However, it is interesting to note that if there are 65,000 more people looking for a job this month, it is because they believe that the economic indicators are favourable. For instance, house sales have gone up by 30 per cent, consumer confidence is up by 13 per cent. People are regaining hope in increasing numbers and we are hoping that, as our economic recovery program is taking hold, the unemployed will keep on finding jobs.

UnemploymentOral Question Period

11:15 a.m.

Bloc

Yvan Loubier Bloc Saint-Hyacinthe—Bagot, QC

Mr. Speaker, taking into account the population growth, does the Deputy Prime Minister realize that to get back to pre-recession employment levels, I do not mean full employment, just pre-recession employment levels, more that 900,000 jobs would have to be created in Canada?

UnemploymentOral Question Period

11:15 a.m.

Hamilton East Ontario

Liberal

Sheila Copps LiberalDeputy Prime Minister and Minister of the Environment

Mr. Speaker, since the month of February we have created 115,000 jobs. In the province of Quebec since last August there have been 74,000 jobs created.

That is 74,000 jobs in Quebec alone. We are not satisfied. We tried to do something in the first six months. We presented the Budget, we have the infrastructure program, and we are trying to do better than that.

The good thing though, if you can look at these statistics in a positive light, is that Canadians and Quebecers are now starting to look for a job because they feel better about the economy as a whole. That is why 65,000 more people have joined the labour force this month when they realized that there was work to be had.

UnemploymentOral Question Period

11:15 a.m.

Bloc

Yvan Loubier Bloc Saint-Hyacinthe—Bagot, QC

Mr. Speaker, with rising unemployment rates and the arrival, in April, of 66,000 new workers on the job market, does the Deputy Prime Minister not agree that the first six months of Liberal government are a failure, a deplorable and appalling failure when it comes to job creation?

UnemploymentOral Question Period

11:20 a.m.

Hamilton East Ontario

Liberal

Sheila Copps LiberalDeputy Prime Minister and Minister of the Environment

Mr. Speaker, it has not been a failure. In fact since the month of February, we have created 115,000 jobs. We do not think enough has been done but we do feel that with the signing of the infrastructure programs and with the budget of the Minister of Finance, we are on the right track.

This month 65,000 Canadians thought that the job prospects were getting good enough that they decided to get back into the market. We see consumer confidence on the rise. We see the sale of houses up over 30 per cent.

We are on the right track but we are not going to solve the problems in six short months. We need more time and we need continued consumer confidence, something that we see as the bright light at the end of a very long tunnel for a lot of unemployed people.

Defence IndustriesOral Question Period

11:20 a.m.

Bloc

Réal Ménard Bloc Hochelaga—Maisonneuve, QC

Mr. Speaker, I would like to address my question to the Deputy Prime Minister. It is said in the Liberal Party's red book that a Liberal government will implement a conversion program to transform defence industries into civilian ones. However, the Minister of Industry quite surprisingly said yesterday that the government will not invest in such a conversion. In that sector, more than 10,000 high-technology jobs have disappeared since 1988.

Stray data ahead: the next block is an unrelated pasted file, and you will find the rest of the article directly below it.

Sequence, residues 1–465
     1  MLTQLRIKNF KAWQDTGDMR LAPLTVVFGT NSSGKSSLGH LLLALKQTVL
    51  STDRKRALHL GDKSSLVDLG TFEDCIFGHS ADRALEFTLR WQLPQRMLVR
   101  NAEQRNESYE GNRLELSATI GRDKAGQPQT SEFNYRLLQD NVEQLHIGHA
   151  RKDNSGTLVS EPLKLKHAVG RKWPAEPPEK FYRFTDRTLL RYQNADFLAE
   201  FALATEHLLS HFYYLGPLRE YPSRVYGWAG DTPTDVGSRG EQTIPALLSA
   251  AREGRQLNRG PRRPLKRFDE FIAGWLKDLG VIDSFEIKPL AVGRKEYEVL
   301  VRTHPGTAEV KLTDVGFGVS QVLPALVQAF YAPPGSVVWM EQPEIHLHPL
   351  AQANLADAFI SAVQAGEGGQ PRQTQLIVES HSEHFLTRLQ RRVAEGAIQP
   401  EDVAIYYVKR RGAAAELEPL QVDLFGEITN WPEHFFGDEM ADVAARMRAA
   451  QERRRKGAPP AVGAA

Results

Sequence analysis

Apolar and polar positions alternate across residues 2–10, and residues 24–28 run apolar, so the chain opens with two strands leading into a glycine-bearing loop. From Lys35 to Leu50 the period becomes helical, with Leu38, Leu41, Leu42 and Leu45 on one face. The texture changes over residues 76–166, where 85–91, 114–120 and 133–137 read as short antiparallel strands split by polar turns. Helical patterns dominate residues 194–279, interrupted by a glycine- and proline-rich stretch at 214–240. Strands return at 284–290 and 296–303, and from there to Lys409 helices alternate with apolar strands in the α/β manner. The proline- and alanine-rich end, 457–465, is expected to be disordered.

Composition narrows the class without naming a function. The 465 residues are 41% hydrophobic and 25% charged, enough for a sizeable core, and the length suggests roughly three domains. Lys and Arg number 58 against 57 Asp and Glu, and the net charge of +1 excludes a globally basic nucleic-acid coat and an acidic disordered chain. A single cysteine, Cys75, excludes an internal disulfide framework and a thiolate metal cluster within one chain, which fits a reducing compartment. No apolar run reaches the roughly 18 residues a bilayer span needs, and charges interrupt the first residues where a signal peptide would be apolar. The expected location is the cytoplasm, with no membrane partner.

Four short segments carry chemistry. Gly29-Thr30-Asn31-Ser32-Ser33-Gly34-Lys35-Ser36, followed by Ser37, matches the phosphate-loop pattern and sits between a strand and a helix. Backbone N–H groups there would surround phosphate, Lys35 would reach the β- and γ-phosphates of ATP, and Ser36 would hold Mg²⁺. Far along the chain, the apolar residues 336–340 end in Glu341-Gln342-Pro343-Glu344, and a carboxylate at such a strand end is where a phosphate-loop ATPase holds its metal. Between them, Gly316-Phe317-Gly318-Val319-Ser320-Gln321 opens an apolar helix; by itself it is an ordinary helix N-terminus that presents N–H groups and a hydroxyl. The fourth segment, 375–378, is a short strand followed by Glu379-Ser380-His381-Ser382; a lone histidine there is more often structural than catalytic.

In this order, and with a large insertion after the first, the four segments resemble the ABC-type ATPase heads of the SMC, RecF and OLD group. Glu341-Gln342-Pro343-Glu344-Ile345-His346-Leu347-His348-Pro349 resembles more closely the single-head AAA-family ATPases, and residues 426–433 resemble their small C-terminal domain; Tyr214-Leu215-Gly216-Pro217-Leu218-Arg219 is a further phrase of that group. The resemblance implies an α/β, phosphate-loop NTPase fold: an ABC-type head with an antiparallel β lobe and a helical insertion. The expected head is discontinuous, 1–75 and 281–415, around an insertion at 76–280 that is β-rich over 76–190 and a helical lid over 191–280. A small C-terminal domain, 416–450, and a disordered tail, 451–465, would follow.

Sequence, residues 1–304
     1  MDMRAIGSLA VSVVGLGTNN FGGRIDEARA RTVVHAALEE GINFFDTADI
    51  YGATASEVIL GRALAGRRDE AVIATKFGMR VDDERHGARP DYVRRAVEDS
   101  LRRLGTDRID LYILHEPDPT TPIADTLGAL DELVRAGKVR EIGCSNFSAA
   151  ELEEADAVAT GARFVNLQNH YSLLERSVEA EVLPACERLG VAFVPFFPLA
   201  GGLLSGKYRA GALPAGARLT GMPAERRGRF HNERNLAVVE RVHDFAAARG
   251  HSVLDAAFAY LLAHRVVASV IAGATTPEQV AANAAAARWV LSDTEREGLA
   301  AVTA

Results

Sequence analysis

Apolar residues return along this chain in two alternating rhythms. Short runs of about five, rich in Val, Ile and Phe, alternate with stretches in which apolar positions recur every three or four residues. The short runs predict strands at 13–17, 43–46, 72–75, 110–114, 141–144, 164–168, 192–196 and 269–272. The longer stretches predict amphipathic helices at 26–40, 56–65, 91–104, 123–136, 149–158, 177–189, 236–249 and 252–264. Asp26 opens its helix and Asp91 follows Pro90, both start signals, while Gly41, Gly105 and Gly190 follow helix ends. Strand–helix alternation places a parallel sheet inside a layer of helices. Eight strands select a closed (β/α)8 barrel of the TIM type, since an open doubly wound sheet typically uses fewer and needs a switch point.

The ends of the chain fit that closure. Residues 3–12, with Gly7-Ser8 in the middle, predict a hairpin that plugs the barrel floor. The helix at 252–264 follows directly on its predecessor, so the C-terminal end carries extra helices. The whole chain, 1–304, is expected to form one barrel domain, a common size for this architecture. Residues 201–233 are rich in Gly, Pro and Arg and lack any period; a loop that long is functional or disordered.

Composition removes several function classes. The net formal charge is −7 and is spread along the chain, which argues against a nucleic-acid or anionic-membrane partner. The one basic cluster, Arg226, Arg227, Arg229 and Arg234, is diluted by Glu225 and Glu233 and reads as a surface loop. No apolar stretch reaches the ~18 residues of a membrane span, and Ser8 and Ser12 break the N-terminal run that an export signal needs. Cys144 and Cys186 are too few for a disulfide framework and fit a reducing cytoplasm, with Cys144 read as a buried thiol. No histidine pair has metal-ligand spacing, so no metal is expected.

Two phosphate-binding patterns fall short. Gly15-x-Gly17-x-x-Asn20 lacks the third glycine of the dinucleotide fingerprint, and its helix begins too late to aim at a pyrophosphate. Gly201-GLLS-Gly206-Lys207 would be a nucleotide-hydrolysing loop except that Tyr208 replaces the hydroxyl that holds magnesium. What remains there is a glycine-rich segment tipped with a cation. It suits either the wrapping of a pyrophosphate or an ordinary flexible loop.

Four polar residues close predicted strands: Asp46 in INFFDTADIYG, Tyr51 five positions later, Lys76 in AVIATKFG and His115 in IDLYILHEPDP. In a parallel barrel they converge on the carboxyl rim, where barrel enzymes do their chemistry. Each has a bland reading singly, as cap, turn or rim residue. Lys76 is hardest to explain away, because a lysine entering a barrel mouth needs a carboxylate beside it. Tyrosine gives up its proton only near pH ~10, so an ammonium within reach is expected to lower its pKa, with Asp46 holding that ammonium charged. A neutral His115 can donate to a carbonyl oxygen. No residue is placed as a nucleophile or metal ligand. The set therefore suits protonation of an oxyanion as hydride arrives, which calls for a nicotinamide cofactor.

How can the Deputy Prime Minister, who would do me honour if she would listen to my question, how can she reconcile the commitment of her party and the amazing declaration of the Minister of Industry who said during debate yesterday that it is the responsibility of the management and shareholders of those companies to solve their own problems?

Defence IndustriesOral Question Period

11:20 a.m.

Broadview—Greenwood Ontario

Liberal

Dennis Mills LiberalParliamentary Secretary to Minister of Industry

Mr. Speaker, the hon. member is only quoting part of what the Minister of Industry said yesterday in the debate.

He did say that we would want to look to industry to make sure all of its strategic plans were being redesigned and reinvented in light of a very tough fiscal framework. He also said that in the budget we were redesigning DIPP so there would be less giving of cheques and grants but more of a situation where there would be loans for those industries that qualified and ones that were especially sensitive to conversion to peacetime activity.

Defence IndustriesOral Question Period

11:20 a.m.

Bloc

Réal Ménard Bloc Hochelaga—Maisonneuve, QC

Mr. Speaker, before I address my supplementary to the Minister of Finance who, I can tell, is dying to participate in this debate, I would like to mention to my hon. colleague that one of the headlines in this morning's papers said: "Ottawa will not finance the conversion of defence industries".

Defence IndustriesOral Question Period

11:20 a.m.

The Speaker

Order please! Members are not to show papers or documents of any kind during question period. The member for Hochelaga-Maisonneuve will put his question.

Defence IndustriesOral Question Period

11:20 a.m.

Bloc

Réal Ménard Bloc Hochelaga—Maisonneuve, QC

Mr. Speaker, I would like to ask the Minister of Finance how he can accept such a turnabout on the part of his colleague the Minister of Industry when he knows perfectly well that if nothing is done in a very near future, thousands of jobs will be lost in the defence industry. Does he accept the declaration, does he agree with the Minister of Industry's statement?